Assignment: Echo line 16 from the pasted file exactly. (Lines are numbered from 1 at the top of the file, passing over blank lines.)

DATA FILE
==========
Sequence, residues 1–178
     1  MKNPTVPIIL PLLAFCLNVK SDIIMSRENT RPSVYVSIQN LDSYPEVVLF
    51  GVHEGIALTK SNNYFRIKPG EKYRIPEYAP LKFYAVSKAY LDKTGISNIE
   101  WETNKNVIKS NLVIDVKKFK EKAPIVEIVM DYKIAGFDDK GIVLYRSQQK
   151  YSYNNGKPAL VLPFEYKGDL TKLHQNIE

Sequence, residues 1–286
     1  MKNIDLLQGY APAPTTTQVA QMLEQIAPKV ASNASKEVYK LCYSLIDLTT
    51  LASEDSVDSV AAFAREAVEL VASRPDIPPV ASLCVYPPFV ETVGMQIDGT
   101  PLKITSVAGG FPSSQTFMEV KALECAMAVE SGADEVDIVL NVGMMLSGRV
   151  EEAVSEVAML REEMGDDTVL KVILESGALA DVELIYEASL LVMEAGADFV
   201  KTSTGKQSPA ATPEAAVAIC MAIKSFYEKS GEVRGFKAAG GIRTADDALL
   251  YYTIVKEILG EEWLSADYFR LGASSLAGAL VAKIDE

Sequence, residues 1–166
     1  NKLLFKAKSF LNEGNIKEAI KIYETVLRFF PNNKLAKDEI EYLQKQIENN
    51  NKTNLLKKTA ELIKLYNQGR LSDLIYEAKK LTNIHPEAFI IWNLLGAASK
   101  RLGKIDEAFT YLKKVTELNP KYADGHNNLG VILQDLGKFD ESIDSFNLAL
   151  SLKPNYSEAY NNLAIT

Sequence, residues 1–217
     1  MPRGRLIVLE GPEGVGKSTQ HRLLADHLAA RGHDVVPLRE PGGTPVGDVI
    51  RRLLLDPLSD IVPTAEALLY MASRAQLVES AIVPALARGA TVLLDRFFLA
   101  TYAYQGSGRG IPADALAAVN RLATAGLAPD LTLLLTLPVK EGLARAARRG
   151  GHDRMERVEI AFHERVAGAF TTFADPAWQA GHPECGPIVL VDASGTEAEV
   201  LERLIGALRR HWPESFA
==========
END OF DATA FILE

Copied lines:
   101  RLGKIDEAFT YLKKVTELNP KYADGHNNLG VILQDLGKFD ESIDSFNLAL